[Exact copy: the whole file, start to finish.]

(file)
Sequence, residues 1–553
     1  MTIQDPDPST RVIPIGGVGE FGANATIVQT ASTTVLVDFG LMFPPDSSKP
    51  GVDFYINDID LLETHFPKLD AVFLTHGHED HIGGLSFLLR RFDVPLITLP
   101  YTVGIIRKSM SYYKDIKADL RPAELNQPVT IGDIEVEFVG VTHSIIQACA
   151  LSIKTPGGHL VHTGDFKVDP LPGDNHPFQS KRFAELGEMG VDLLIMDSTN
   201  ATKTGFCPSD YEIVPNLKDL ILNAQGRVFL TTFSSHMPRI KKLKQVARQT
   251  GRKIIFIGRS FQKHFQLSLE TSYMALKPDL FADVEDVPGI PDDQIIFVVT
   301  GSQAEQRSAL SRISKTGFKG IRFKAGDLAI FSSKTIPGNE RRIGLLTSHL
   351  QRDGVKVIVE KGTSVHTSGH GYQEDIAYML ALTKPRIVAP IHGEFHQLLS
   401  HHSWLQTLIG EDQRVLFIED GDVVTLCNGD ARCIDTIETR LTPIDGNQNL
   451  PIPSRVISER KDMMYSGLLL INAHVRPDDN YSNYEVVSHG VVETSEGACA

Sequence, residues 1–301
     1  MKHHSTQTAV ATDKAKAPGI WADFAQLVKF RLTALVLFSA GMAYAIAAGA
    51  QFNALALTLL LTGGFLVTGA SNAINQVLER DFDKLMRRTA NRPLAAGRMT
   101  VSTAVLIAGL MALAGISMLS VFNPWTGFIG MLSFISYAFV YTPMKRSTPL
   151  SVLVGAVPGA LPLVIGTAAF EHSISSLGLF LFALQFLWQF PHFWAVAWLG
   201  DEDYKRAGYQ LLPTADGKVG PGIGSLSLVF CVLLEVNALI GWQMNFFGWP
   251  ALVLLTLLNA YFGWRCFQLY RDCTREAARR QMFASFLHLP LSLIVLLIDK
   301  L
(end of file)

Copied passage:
Sequence, residues 1–553
     1  MTIQDPDPST RVIPIGGVGE FGANATIVQT ASTTVLVDFG LMFPPDSSKP
    51  GVDFYINDID LLETHFPKLD AVFLTHGHED HIGGLSFLLR RFDVPLITLP
   101  YTVGIIRKSM SYYKDIKADL RPAELNQPVT IGDIEVEFVG VTHSIIQACA
   151  LSIKTPGGHL VHTGDFKVDP LPGDNHPFQS KRFAELGEMG VDLLIMDSTN
   201  ATKTGFCPSD YEIVPNLKDL ILNAQGRVFL TTFSSHMPRI KKLKQVARQT
   251  GRKIIFIGRS FQKHFQLSLE TSYMALKPDL FADVEDVPGI PDDQIIFVVT
   301  GSQAEQRSAL SRISKTGFKG IRFKAGDLAI FSSKTIPGNE RRIGLLTSHL
   351  QRDGVKVIVE KGTSVHTSGH GYQEDIAYML ALTKPRIVAP IHGEFHQLLS
   401  HHSWLQTLIG EDQRVLFIED GDVVTLCNGD ARCIDTIETR LTPIDGNQNL
   451  PIPSRVISER KDMMYSGLLL INAHVRPDDN YSNYEVVSHG VVETSEGACA

Sequence, residues 1–301
     1  MKHHSTQTAV ATDKAKAPGI WADFAQLVKF RLTALVLFSA GMAYAIAAGA
    51  QFNALALTLL LTGGFLVTGA SNAINQVLER DFDKLMRRTA NRPLAAGRMT
   101  VSTAVLIAGL MALAGISMLS VFNPWTGFIG MLSFISYAFV YTPMKRSTPL
   151  SVLVGAVPGA LPLVIGTAAF EHSISSLGLF LFALQFLWQF PHFWAVAWLG
   201  DEDYKRAGYQ LLPTADGKVG PGIGSLSLVF CVLLEVNALI GWQMNFFGWP
   251  ALVLLTLLNA YFGWRCFQLY RDCTREAARR QMFASFLHLP LSLIVLLIDK
   301  L